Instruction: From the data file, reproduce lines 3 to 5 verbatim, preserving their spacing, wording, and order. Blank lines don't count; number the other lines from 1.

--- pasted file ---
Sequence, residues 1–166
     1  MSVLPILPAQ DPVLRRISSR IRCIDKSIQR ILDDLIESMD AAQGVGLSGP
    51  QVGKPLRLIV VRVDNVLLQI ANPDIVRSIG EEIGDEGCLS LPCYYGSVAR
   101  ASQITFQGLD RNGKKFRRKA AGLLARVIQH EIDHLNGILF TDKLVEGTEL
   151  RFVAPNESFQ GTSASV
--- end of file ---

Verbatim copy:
    51  QVGKPLRLIV VRVDNVLLQI ANPDIVRSIG EEIGDEGCLS LPCYYGSVAR
   101  ASQITFQGLD RNGKKFRRKA AGLLARVIQH EIDHLNGILF TDKLVEGTEL
   151  RFVAPNESFQ GTSASV